Though you're playing as an invincible character where the bullets don't harm you, the large amount of baddies coming for you is alarming, and exciting. Epic cleverly added the ability to teleport by pressing the X button on the left Touch controller, allowing you to move around. The locations are designated spots next to different guns - shotguns, pistols, assault rifles, grenades. I'm not sure if you'l be able to teleport more freely in the rest of the game or if set destinations are all you've got. I'm hoping it's the former option; the latter makes sense since it was a "training" session in the game but if you can't move around freely, then it feels a bit too limiting.

The auto aim is pretty helpful while you're getting used to the Touch controllers. It's especially cool since you can pluck bullets and missiles from the air to throw back at enemies.

Here's the video of Bullet Train Oculus released at Connect 2.

Oculus is for artists too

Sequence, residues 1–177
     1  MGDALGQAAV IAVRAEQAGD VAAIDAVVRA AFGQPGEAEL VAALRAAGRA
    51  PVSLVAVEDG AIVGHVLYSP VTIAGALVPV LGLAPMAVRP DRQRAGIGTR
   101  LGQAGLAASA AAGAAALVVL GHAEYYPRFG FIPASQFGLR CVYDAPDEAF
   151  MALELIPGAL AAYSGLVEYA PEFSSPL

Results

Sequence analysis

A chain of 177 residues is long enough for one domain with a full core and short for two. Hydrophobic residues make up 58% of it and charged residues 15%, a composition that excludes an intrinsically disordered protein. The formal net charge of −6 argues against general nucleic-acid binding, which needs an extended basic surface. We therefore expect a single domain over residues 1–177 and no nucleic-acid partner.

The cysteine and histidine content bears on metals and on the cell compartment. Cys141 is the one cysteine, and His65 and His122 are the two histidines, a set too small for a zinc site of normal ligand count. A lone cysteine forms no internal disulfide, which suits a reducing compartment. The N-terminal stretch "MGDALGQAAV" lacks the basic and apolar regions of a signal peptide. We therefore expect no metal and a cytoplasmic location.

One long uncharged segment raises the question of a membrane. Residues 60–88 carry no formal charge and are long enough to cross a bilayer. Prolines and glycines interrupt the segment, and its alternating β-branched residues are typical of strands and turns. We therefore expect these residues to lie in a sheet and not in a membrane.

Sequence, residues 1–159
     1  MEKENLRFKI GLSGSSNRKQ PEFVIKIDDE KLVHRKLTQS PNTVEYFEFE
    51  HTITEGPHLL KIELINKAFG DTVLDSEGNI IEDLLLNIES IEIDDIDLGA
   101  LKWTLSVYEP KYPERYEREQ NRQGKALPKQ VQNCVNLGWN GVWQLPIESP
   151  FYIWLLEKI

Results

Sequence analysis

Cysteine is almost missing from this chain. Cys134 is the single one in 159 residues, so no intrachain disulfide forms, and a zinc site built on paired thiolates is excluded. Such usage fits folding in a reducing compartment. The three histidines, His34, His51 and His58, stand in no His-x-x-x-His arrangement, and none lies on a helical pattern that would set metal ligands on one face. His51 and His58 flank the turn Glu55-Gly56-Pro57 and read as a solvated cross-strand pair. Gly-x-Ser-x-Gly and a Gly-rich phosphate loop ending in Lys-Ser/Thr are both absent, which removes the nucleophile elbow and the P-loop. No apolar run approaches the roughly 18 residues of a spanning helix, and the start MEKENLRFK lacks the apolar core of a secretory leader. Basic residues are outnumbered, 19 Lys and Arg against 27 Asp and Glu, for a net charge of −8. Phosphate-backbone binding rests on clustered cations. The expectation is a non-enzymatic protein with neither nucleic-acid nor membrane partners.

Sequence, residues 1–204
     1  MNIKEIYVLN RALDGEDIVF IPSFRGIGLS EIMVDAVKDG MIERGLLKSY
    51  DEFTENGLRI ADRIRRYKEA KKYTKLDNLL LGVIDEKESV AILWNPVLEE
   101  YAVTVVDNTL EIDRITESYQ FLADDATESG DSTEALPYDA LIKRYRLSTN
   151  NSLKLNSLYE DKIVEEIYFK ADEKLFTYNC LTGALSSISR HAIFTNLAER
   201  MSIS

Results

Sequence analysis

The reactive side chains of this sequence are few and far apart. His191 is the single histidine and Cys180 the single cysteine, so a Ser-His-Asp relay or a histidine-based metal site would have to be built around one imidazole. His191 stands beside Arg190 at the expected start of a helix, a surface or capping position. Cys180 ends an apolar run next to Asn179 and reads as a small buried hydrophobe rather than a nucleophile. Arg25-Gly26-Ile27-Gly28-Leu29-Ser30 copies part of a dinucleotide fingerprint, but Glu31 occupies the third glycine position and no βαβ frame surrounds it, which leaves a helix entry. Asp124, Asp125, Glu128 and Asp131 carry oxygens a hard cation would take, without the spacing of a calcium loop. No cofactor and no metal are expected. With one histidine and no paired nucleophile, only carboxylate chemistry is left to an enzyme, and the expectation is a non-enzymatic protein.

Oculus Rift

Medium is the new art-focused, sculpting tool that Oculus will ship with Touch when it launches next year.

CEO Brenden Iribe said every platform needs its own Paint app during the keynote, but he didn't say Medium is Paint on steroids.

This is the video Oculus released for the program.

I wasn't really sure what to expect during my demo so I was pleasantly surprised at how intuitive and fun it is to sculpt with Medium.

The program is still being developed but there were plenty of tools to use. You start with a block of "clay" that can either be a cube or a sphere. From there, you can shape it, take out or add in pieces, smooth it and paint with a large palette of colors. Then you're done, you're able to take a screenshot of your masterpiece. Due to the time constraint (and I guess my lack of artistic talent), mine turned out to be a weird blob.

This was a cube. Now it's...something else